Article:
Though the three Presidents of East African countries have confidently assured themselves of soliciting a milestone by fast tracking East African Union and legalizing the membership to Burundi and Rwanda, it still remains to be seen if the said union will swiftly thrive and work in the minds and hearts of people of the region.
Generally we, people of East Africa, Tanzanians in particular, still feel that we be ought to be given our constitutional right to agree or disagree with this union, partnership, federation or whatever it may be called. Without being accorded this very right, we will still voice our opposition over the bid to sideline and ignore us as the case is now.
Currently in Tanzania, the authorities are spending much money and time in order to put us in the picture. The ministry responsible for East African affairs abused our hard earned money on soliciting our opinions as if they are going to be worked on! When and how will our opinions be accommodated if at all the whole basics have already been agreed upon? Many questions still beg answers. The prime one being; why are we being ignored? The answer to this question will stop Tanzanians’ worries about this union which seems to be an already done deal.
Tanzanians have acquired much experience from the current gasping union between Tanganyika and Zanzibar which was entered in 1964. Frankly speaking, the said union -for over four decades- has been yet another hot potato and a model altogether depending on how one looks at it.
It has spent much money and time so as to be regarded as a burden on the one hand whilst a pearl on the other. Again this depends on how one benefits from it.
It is under the strength of this reason Tanzanians are skeptical of the EAU or EAF -especially the fast tracked and superimposed one. Do our rulers know this? Do they know that we badly need a union but not the one reached at without our consent? It must be clearly accepted and deeply understood: rulers are but seasonal bearers of offices contrary to the citizenry who permanently own the offices the rulers call theirs. So who should listen to whom as far as making decision on this matter is concerned?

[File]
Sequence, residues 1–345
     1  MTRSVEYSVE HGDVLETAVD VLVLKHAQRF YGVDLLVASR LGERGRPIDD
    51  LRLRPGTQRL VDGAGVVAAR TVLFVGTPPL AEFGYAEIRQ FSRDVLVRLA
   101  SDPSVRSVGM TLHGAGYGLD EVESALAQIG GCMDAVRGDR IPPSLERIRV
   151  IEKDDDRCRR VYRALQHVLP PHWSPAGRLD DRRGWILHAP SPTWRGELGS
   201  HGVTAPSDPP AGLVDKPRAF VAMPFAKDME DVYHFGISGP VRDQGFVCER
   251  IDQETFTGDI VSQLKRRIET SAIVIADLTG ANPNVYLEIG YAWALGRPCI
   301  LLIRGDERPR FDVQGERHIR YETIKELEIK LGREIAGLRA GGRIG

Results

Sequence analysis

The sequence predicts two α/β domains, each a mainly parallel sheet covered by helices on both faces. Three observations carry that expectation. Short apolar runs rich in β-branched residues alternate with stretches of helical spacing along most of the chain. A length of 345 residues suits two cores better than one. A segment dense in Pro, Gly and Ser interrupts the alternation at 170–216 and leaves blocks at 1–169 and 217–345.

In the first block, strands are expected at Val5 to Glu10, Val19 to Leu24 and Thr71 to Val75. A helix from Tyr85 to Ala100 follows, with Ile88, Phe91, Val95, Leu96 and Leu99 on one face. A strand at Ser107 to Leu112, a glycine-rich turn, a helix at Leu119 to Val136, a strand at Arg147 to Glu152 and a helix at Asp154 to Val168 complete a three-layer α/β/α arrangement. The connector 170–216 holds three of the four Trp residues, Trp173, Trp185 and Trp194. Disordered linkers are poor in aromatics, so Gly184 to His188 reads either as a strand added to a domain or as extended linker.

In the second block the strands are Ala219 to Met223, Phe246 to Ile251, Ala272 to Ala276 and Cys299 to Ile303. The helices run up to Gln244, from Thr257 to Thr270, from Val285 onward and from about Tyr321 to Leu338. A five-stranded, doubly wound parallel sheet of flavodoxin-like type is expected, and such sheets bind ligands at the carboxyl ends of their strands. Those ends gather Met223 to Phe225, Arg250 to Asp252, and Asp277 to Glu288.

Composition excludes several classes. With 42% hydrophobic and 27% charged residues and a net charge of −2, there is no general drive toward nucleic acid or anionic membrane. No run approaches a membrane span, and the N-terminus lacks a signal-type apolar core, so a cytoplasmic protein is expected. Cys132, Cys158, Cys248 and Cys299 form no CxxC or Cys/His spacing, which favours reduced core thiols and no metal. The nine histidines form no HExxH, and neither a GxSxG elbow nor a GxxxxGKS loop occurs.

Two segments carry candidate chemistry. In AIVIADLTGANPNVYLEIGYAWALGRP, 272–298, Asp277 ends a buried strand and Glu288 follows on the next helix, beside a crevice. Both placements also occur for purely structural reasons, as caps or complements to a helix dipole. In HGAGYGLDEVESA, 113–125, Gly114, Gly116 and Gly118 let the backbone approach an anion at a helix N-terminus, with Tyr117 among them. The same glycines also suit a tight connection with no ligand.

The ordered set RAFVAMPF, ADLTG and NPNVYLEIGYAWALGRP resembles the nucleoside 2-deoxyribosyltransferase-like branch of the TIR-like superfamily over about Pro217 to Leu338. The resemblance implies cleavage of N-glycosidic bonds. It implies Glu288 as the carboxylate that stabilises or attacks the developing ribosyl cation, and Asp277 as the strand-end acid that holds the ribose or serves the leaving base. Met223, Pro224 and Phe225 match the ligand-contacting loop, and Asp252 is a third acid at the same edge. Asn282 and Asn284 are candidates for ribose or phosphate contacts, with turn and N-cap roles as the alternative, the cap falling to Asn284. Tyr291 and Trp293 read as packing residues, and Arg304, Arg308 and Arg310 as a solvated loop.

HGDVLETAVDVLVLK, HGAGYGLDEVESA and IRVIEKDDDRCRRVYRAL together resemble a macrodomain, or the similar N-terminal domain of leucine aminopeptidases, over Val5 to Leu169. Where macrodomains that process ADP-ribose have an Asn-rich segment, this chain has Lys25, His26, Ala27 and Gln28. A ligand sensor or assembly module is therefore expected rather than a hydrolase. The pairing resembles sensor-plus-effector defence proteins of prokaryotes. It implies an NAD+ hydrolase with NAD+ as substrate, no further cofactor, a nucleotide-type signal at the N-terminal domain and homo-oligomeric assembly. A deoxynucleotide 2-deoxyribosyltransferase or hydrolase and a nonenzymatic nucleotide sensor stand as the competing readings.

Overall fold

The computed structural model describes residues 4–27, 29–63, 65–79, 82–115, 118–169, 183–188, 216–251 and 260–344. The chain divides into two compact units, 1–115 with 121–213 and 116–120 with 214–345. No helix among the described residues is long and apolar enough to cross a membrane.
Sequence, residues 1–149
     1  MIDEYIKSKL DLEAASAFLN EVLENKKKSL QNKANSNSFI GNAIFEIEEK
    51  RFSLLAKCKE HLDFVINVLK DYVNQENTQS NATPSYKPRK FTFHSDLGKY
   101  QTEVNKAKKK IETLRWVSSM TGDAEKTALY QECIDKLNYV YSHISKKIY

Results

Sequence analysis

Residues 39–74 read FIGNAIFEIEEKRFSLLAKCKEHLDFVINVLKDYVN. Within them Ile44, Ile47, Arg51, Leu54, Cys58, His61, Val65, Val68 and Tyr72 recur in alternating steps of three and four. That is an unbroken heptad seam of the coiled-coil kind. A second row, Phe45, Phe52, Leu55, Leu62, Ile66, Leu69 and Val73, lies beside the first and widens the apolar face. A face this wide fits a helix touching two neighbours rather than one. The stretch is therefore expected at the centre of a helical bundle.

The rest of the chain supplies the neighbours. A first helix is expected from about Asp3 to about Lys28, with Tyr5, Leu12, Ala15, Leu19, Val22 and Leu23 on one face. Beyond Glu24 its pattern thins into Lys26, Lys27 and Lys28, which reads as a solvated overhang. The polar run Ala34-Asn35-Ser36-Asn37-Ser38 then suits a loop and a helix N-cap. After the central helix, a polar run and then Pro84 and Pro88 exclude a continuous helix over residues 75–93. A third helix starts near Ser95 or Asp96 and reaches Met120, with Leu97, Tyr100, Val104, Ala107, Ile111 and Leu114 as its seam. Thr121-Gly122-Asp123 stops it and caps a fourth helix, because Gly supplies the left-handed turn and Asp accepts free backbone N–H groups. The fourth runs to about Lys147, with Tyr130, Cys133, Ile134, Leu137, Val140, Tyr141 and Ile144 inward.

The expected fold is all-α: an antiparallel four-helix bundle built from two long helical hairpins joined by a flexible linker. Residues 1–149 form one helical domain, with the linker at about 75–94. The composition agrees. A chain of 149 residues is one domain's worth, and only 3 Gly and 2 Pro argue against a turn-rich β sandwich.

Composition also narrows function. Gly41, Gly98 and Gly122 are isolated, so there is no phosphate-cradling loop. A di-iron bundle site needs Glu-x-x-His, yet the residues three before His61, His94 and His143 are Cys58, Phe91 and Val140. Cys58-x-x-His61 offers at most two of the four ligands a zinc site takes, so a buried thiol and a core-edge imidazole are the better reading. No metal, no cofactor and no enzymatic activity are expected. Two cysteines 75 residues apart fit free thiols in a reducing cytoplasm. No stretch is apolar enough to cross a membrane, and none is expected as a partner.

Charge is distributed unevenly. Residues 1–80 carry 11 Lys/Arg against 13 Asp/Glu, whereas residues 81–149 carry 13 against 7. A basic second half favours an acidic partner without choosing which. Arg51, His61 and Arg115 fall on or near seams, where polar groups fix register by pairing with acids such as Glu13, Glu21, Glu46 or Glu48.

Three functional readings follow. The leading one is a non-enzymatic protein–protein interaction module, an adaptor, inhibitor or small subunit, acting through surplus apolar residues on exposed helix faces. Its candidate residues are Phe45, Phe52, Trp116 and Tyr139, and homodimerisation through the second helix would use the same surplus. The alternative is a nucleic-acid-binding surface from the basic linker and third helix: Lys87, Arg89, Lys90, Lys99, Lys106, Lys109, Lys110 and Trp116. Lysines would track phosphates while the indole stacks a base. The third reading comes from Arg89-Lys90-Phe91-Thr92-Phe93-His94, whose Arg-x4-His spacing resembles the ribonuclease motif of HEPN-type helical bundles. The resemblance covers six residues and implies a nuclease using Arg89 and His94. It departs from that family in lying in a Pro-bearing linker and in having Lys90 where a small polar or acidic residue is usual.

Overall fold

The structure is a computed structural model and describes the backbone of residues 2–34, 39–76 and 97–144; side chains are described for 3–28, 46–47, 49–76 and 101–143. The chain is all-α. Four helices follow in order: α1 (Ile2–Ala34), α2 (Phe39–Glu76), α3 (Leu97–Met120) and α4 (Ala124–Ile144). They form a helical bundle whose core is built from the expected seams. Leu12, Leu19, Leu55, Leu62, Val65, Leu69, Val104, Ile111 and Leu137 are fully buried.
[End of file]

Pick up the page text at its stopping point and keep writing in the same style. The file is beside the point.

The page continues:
Again, there is this debacle-cum ambiguity of bringing Burundi and Rwanda into the fold. The duos have their traditional problems which need to be sorted out. I am not complaining. But it is obvious: the whole charade is wastage of time, money and rights. Even a little ant knows what goes around it.
We too still holler and plead: we are not included in the making of the union of theirs that they arrogantly call ours. This inevitable and incorruptible question will always linger and hover shall we not be accorded our right to decide our destiny.
In his book, "Good to Great", Jim Collins said: however good a thing is, whatever the authorities embark on, to succeed, freedom and sense of being part of is imminent. I too feel the same. For whatever system on earth to succeed and move swiftly not to end up a cropper, the stakeholders (The citizenry) must be part of it and feel it; they are the movers and shakers of it.
Well, do the people of East Africa especially Tanzanians feel the same? Do they really feel the union or federation is truly theirs? I can not put words in their mouths. But again, as one of them, I still feel otherwise.